Moulay Ismail not only invested much of his significant personal wealth in the construction of Meknes but also plundered materials from the architectural masterpieces of the former capital cities. The palaces of Moulay Ismail were known for their opulence. At the time, the only other royal residence that rivaled Meknes in terms of richness and scale was Louis XIV’s Versailles, which was built during the same period.
His successors continued with his building program for a while, but in 1755 the colossal palace compound was severely damaged by an earthquake. By 1757 his grandson, Mohammad III moved the capital to Marrakesh. Just one palace has been continuously maintained for use by the royal family when they are in the city. However, Meknes has not been the principal Moroccan capital city since Moulay Ismail’s rule.
Thus, the splendid and a bit crazy story of the great Meknes ends. Since then, it became more of a legend, a splash of history that never regained its former glory.
It was impressively long city wall. Riding along it made dry numbers – about 40 km of city walls with 20 gates – much more relatable. Finally, our tireless driver-cum-guide stopped the car and, with a flourish, announced “Bab Mansour.” Eh? Well…
In hindsight, it was easy to see our mistake. Meknes was the third entry on our agenda for that day. Earlier in the morning we toured Volubilis and spent midday in Moulay Idriss. By the time we got to Meknes, I was already overwhelmed with impressions and emotions from two remarkable places. Even if the lost city of Atlantis suddenly appeared out of thin air, I wouldn’t be surprised.
Bab Mansour was meant to dazzle. This famous gate was built as the grand entrance to the imperial city. The intriguing fact about Bab Mansour though is that today it leads nowhere. Unlike all other city gates, this one is serving the sole purpose of impressing visitors and is now the entrance to the art exhibitions space. It was completed in 1732 by Moulay Abdallah, son of Sultan Moulay Ismail.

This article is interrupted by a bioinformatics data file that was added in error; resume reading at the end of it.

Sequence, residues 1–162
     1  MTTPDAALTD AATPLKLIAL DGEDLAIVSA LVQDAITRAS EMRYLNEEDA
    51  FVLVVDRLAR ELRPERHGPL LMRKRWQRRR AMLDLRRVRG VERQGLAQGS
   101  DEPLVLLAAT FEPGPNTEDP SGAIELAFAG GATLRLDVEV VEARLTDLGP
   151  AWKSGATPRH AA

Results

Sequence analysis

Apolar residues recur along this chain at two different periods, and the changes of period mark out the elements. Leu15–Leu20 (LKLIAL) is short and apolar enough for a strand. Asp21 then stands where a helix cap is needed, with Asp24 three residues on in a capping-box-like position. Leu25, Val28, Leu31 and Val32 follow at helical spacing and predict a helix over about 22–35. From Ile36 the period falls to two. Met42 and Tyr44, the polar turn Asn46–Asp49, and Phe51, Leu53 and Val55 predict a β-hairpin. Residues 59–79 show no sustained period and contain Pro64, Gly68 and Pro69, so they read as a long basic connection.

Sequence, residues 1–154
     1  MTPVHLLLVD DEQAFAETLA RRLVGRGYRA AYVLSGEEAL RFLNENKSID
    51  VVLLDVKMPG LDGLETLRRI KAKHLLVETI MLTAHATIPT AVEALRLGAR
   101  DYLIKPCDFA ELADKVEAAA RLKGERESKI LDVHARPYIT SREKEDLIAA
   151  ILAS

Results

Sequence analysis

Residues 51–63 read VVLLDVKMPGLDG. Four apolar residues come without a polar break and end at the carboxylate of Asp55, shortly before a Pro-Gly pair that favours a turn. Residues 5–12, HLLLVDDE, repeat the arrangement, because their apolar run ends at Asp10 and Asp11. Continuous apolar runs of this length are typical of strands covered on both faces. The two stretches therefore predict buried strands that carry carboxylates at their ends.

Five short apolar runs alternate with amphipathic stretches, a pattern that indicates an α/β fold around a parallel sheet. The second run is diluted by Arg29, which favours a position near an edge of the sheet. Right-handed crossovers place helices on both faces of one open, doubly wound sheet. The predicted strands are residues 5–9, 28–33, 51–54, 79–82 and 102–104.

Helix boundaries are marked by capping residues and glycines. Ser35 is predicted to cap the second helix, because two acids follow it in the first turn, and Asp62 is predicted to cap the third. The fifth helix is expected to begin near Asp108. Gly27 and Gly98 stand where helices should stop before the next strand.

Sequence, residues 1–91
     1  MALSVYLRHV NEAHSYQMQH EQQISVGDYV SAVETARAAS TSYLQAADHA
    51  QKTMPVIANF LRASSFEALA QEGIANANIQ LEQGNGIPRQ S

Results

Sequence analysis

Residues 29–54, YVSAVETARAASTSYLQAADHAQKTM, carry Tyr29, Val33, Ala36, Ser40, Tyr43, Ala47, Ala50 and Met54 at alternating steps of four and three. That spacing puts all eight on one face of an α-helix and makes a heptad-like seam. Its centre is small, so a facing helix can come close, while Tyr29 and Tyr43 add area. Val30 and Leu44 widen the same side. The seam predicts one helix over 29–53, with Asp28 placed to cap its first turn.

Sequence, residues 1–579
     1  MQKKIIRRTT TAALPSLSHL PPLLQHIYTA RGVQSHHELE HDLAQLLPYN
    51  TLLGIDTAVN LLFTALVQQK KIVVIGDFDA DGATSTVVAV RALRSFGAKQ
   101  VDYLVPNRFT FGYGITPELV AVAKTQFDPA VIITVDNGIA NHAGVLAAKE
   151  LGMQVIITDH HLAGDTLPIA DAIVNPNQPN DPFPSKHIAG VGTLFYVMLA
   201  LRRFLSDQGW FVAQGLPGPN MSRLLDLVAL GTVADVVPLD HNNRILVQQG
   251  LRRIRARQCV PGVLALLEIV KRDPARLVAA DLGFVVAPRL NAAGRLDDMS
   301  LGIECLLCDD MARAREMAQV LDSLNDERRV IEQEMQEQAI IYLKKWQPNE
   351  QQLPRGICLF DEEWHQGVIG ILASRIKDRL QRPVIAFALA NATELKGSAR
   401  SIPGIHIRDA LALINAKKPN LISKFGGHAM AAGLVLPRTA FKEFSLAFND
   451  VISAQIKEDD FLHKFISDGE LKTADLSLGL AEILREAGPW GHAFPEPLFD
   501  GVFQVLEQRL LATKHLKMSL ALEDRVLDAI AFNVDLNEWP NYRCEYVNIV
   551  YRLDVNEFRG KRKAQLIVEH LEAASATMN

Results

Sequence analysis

A testament to the wealth and power of Morocco at the time, the Bab Mansour features stunning zeillij tiling, intricate decorations, and inscriptions. The height of the door is about 16m, and the marble columns were brought from the Roman ruins of Volubilis. Currently, it is one of the most well-preserved historical landmarks of the city.
To be fair, Bab Mansour could put a bit more efforts to impress. No doubts, the design and architectural details of the gate are impressive. However, it would greatly benefit from some cleaning. The elements did their share of damage over the centuries and added somewhat unkept touch to Bob Mansour’s appearance.
Agdal Basin is an enormous artificial stone-lined lake. Its purpose was to supply water to the palace and the city. Apparently, the women of the harem were sailing there too. Back in the day, the lake was fed by a complex aqueduct system about 25 km long. Nowadays, the water is stagnant, but it is still a popular place among locals to spend a few hours during a weekend or after dark during the week.
Ode to the Stables
If I was asked for one reason why Meknes is worth a visit, Heri es-Souani (aka Royal Stables and Granaries) would be the answer. It was the last entry on our Meknes itinerary and, honestly, it impressed me the most.
The chronicler described Heri es-Souani as “… a granary with immense subterranean reservoirs of water, and a stable three miles long for the Sultan’s horses and mules; twelve thousand horses could be stabled in it. The flooring rested on vaults in which the grain for the horses was stored…” He wrote it in the 19th century.
By the end of the day, the place was quiet and almost empty. According to historical records, thick walls and a cedar forest planted on the roof meant to keep the structure cool. Sadly, the roof was destroyed during the 1755 earthquake the same one that devastated Lisbon.
The light wind was gently moving a few leaves that were poking through cracks in the walls. It was such a peaceful scene that I couldn’t imagine what a mayhem it should be with all the horses and their attendants around.
Aside from being an engineering and architectural marvel in its day, Heri es-Souani is a dream come true for any aspiring photographer. The rich, warm colors of the walls, the depth of the endless stone arches combined with deep blue skies and occasionally fluffy clouds…
Bidding farewell to Meknes, this last look at the city wall essentially summarized my impression of the city. Formidable walls were meant to safeguard the extravagant new capital. However, it was such a short-lived attempt – just a lifetime of one ruler – before a combination of practical approach of his descendants and a natural disaster led to the demise of Moroccan Versailles.